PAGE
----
Exhibition Details

Location: Tony and Milena Astorga Gallery
Dates: April 25, 2018
to December 2, 2018


Dive into the always inventive, often surprising Catholic imagery of the Virgin Mary and the archangels from 17th- and 18th-century colonial Latin America. 

These paintings and works of silver from the Museum’s collection provide a fascinating glimpse into the arcángeles arcabuceros, or military angels carrying muskets, that arose in the Bolivian and Peruvian highlands in the late 17th century; a visual narrative of the Virgin of Guadalupe’s first miraculous appearance in Mexico; the unconventional group of three, nearly identical Christ figures that graphically illustrate the idea of the three holy entities embodied by the Trinity; and a painting from Peru originally entitled The Visitation, which to this day remains a gruesome mystery yet to be solved. 
Ave Maria: The Virgin Mary and the Archangels presents a striking selection of the guises of the Virgin Mary in the colonial world and the distinct representations of archangels unique to the Viceroyalty of Peru.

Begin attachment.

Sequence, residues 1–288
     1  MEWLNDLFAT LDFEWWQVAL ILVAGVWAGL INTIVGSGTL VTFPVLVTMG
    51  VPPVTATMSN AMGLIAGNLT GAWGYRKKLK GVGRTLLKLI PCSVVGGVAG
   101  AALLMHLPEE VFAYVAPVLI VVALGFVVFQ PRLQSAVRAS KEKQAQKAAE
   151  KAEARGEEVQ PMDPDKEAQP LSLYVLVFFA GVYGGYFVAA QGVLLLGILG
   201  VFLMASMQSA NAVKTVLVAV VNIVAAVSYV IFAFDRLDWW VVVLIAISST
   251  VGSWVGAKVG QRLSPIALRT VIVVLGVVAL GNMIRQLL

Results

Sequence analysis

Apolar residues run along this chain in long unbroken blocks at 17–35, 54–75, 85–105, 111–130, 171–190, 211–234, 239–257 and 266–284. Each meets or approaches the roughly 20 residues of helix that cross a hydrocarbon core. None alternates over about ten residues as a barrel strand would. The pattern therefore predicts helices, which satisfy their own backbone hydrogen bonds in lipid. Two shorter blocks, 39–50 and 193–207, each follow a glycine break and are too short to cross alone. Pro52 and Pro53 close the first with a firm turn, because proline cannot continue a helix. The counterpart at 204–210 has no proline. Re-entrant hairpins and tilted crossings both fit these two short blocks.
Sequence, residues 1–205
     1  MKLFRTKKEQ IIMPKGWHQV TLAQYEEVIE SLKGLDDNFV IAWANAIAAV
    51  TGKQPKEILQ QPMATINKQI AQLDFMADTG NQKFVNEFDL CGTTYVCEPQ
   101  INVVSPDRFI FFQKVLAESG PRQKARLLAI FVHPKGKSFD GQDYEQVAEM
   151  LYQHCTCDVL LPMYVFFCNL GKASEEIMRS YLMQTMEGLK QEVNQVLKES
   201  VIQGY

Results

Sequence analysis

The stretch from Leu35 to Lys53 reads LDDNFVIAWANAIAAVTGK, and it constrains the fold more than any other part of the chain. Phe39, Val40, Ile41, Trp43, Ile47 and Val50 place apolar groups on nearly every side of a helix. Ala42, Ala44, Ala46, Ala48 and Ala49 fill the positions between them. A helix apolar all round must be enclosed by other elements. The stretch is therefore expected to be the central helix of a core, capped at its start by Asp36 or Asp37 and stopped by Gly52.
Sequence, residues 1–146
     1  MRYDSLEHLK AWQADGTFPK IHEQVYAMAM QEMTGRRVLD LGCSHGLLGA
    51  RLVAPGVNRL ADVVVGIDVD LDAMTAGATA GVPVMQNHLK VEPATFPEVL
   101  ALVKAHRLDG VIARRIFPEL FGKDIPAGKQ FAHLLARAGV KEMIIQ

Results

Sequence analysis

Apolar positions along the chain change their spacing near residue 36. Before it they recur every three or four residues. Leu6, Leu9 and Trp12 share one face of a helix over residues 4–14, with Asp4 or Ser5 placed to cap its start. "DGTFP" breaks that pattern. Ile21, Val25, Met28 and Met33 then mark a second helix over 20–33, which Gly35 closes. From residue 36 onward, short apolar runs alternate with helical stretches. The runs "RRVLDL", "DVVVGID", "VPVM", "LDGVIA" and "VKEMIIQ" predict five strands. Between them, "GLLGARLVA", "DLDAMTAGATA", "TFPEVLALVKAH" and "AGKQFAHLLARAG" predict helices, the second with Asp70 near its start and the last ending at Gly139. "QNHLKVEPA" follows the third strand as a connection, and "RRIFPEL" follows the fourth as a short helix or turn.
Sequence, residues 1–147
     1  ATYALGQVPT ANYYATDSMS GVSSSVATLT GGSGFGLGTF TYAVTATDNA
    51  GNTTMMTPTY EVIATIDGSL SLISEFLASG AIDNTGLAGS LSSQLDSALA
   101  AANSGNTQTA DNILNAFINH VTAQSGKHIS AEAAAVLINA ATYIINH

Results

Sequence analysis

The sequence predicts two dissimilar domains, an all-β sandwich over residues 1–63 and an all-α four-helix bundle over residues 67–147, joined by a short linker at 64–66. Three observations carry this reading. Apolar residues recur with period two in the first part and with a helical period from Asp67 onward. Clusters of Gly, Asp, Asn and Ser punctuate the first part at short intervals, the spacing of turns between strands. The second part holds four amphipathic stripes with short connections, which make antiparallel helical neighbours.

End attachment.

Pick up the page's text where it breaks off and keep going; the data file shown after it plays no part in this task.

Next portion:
Admission is free for Museum Members, past and present members of the Military and youth aged 5 and under; included with general admission. For a full breakdown of general admission prices and hours, please visit phxart.org/visit.

This exhibition is offered to the general public for free during voluntary donation, free-access hours from 3–9 pm each Wednesday, from 6–10 pm on the First Friday of each month, and the second weekend of each month from 10am–5pm on Saturday and noon–5 pm on Sunday.

Interested in coming as a group? For group sales information, click here

Media Contact: Margaree Bigler, Public Relations Manager, margaree.bigler@phxart.org 

Left: Sin título (Untitled), 18th century. Oil on canvas. Gift of Gerry S. Culpepper.

Middle: Arcángel Salamiel (Archangel Salamiel), c. 1675-1790. Sterling silver repoussé with gold vermeil. Gift of Diane and Bruce Halle.

Right: El Arcángel Salamiel con Arcabuz (The Archangel Salamiel with a Musket) (detail), 19th century. Oil on canvas. Gift of Gerry S. Culpepper.